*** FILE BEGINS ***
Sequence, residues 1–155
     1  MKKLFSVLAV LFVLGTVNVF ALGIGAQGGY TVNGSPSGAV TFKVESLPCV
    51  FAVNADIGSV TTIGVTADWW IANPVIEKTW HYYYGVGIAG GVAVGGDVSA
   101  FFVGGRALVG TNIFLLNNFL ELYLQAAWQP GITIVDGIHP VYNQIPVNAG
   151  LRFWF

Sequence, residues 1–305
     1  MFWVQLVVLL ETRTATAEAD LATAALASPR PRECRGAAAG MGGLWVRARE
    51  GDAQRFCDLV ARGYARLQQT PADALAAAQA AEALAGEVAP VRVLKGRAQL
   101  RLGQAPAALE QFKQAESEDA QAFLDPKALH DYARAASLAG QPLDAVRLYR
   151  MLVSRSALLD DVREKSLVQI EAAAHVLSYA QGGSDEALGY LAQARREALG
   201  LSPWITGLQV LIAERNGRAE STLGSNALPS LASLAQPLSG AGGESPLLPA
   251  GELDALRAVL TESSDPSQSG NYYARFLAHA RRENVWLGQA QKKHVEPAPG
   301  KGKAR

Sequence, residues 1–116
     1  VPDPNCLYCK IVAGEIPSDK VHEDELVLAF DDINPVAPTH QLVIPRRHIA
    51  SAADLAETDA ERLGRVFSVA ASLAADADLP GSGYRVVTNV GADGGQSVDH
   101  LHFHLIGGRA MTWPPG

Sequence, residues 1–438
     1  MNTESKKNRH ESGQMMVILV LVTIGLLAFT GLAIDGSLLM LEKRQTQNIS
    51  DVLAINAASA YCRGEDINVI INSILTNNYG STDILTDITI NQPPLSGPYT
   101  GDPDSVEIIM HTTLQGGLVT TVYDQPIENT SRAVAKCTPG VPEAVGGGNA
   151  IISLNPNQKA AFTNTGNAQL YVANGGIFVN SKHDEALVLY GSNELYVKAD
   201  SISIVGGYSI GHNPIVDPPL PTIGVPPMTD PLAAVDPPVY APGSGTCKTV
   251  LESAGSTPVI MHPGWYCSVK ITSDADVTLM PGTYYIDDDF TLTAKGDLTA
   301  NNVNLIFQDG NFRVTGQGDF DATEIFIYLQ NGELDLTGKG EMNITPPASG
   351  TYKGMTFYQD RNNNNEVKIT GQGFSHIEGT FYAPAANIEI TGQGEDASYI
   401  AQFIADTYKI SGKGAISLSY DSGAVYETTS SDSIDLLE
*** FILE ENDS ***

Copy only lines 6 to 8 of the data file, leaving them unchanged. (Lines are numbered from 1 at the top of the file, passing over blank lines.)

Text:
Sequence, residues 1–305
     1  MFWVQLVVLL ETRTATAEAD LATAALASPR PRECRGAAAG MGGLWVRARE
    51  GDAQRFCDLV ARGYARLQQT PADALAAAQA AEALAGEVAP VRVLKGRAQL